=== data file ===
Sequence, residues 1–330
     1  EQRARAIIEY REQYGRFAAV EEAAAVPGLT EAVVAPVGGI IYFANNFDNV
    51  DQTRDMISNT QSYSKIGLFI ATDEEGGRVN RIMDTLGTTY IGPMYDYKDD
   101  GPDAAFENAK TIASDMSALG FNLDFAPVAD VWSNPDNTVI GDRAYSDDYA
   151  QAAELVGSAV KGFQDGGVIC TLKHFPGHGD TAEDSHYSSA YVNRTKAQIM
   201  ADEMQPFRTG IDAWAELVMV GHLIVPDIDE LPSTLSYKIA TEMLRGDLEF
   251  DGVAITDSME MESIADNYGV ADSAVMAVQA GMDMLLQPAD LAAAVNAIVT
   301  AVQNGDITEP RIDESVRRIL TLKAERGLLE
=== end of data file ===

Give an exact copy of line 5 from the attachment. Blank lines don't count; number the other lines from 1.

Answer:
   151  QAAELVGSAV KGFQDGGVIC TLKHFPGHGD TAEDSHYSSA YVNRTKAQIM